Wednesday, July 20, 2016

The First and he Latest

Wine styles undergo perpetual development and evolution, regardless of the producers’ desire to remain stable.  Claret is the classical example where for decades the wines have remained elegant and the Left Bank wines especially showing a degree of cooler spectrum greenness.  Yet this most traditional style has moved with the times.  Fruit has been picked riper, alcohol levels have risen, and the wines are now more concentrated and carry more oak.  This movement in style has been recognised, and steps taken to reverse the trends, but essentially the modern classical claret is a different beast to that of old.
With The Young One and Jo-Lo in town, we opened two wines to show development and evolution of style.  The very first Craggy Range ‘Le Sol’ Gimblett Gravels Vineyard Hawke’s Bay Syrah made, the 2001, alongside the latest release the 2014.  Craggy Range would be the first to admit that their initial releases were designed to be show-stoppers or statement wines.  “We have arrived!” was the message.  But as time has progressed, the recognition that elegance and finesse gave more drinkable and enjoyable wines came to fruition with the latest wines quite different to the earlier wines.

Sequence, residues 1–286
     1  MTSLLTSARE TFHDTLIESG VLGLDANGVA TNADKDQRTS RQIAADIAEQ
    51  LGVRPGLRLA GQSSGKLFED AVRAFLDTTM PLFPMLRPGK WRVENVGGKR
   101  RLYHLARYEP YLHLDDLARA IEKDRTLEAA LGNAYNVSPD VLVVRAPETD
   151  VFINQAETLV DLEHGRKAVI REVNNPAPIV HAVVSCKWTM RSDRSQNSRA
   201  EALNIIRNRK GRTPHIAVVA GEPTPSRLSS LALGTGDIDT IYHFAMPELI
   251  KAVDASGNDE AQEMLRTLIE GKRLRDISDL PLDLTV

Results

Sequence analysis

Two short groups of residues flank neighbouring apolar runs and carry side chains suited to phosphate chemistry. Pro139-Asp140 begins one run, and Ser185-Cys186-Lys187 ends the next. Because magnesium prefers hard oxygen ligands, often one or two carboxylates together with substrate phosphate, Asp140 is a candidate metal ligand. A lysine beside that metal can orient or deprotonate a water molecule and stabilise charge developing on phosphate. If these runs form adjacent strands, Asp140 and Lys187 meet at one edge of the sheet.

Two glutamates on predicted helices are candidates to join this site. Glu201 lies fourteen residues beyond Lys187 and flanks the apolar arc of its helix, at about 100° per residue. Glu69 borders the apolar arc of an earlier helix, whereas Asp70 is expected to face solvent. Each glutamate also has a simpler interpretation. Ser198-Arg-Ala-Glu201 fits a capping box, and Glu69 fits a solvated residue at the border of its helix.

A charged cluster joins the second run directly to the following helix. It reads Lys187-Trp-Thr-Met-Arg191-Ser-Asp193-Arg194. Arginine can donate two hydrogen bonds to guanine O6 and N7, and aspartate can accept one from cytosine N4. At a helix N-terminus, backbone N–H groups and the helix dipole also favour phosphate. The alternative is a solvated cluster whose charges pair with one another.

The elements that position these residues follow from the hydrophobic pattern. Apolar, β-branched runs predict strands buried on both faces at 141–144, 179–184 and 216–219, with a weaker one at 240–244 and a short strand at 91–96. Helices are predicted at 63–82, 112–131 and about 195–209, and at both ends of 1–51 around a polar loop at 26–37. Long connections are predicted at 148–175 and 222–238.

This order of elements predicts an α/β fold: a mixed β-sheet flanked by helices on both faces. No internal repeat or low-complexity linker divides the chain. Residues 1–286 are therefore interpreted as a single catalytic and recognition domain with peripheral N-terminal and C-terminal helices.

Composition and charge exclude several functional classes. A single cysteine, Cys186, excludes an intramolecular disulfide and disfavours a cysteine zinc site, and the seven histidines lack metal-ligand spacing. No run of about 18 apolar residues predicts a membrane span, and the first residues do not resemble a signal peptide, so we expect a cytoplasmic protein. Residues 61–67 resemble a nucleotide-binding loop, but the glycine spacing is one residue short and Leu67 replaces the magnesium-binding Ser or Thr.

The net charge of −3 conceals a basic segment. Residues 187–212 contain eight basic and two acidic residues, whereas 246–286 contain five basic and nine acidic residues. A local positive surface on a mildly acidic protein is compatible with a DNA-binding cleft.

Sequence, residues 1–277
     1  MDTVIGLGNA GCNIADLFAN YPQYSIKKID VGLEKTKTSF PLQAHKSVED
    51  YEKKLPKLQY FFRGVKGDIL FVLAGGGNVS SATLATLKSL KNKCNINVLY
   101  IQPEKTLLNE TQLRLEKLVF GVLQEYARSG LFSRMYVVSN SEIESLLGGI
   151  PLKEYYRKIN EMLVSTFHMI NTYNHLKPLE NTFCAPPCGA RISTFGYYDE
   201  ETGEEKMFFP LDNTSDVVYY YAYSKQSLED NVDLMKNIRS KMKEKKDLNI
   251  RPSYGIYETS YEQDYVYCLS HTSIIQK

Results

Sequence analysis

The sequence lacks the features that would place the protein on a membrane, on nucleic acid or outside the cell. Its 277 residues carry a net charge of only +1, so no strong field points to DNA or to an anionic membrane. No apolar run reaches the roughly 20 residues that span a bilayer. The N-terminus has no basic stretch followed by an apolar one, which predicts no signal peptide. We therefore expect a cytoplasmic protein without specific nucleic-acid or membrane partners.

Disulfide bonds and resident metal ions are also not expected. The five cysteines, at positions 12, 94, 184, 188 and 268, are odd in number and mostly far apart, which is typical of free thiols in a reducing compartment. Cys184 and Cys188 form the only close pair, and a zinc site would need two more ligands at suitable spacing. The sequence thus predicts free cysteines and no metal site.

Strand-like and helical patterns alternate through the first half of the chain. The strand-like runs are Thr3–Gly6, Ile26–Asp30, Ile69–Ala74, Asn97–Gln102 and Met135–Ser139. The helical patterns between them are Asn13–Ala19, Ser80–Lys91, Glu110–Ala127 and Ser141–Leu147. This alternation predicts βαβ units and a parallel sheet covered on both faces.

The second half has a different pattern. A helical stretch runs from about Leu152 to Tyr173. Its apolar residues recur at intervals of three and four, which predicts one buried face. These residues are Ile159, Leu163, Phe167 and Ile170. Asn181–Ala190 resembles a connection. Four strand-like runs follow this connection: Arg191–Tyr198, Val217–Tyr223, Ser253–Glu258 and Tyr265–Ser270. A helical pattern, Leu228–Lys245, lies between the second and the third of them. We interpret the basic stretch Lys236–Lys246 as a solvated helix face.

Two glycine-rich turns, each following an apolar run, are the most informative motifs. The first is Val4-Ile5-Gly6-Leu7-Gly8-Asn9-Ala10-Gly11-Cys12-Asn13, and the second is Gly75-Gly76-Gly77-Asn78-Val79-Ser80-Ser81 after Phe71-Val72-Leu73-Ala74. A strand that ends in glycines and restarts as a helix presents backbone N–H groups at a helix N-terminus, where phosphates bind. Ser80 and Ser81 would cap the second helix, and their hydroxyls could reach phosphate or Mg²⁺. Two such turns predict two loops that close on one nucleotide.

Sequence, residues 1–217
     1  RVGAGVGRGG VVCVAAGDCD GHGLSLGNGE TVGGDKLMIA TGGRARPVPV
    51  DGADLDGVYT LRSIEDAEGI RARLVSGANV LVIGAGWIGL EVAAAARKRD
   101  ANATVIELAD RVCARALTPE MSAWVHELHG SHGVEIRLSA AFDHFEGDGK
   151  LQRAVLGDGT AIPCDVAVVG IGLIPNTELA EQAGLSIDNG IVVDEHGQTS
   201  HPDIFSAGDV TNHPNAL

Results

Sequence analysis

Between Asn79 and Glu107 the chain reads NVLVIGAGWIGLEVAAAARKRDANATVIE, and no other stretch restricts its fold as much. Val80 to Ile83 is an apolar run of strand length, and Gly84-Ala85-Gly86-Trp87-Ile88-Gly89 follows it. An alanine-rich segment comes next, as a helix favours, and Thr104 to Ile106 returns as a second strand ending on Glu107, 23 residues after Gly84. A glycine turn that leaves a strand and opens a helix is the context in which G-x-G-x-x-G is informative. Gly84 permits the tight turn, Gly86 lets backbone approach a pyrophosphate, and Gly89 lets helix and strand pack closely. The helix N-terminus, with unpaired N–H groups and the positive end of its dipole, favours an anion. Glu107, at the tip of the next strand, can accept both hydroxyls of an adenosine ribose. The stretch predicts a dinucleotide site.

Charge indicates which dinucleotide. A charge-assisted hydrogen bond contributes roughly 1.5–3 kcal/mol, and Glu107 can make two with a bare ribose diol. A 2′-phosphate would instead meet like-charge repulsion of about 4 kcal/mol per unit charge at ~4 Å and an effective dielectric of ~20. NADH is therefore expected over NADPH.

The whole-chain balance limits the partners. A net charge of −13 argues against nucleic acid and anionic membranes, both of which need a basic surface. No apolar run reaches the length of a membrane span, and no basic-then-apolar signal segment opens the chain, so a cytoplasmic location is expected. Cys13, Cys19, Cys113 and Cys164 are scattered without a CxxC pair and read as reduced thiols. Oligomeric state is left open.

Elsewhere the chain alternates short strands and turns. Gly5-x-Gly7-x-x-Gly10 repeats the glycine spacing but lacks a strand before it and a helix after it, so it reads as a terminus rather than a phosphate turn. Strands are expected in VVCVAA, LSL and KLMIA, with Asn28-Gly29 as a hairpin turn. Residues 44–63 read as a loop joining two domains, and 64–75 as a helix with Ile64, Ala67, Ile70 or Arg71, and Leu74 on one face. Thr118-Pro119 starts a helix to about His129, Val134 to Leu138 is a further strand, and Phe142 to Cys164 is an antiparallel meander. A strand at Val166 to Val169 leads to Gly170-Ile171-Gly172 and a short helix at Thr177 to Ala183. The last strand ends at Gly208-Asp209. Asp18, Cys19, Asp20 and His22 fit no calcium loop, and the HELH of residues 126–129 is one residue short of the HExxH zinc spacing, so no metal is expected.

The 2001 I still very dark, near impenetrable, but clearly with some dark brown hues to the black-red.  On bouquet, very densely pack with volume, breadth and depth.  Black fruits now becoming savoury with secondary and tertiary aromas and flavours.  But solid, weighty and immensely concentrated, the tannins rounded for sure, but the size of mouthfilling flavours so striking.  Not so much robust or solid, but just with so much presence.  Very complex now, but this will drink as it is for another decade.  Then the 2014.  Not a small wine either, and with considerable and significant extraction, but the tannins very fine grained.  What this had was freshness, floral lift and bright acidity and a refreshingly succulent mouthfeel.  Sweeter in its finesse and elegance, and in a way far firmer than the 2001, but with refinement, perfumes and style.  This modern wine was ‘finer’ for sure, but not lacking or giving anything away to the older.  But the enjoyment level was a tad higher.  Overall, there was a house style and varietal nature that was identical.  But new and fresh won the day for pleasure, and the older and mature wine still a statement.

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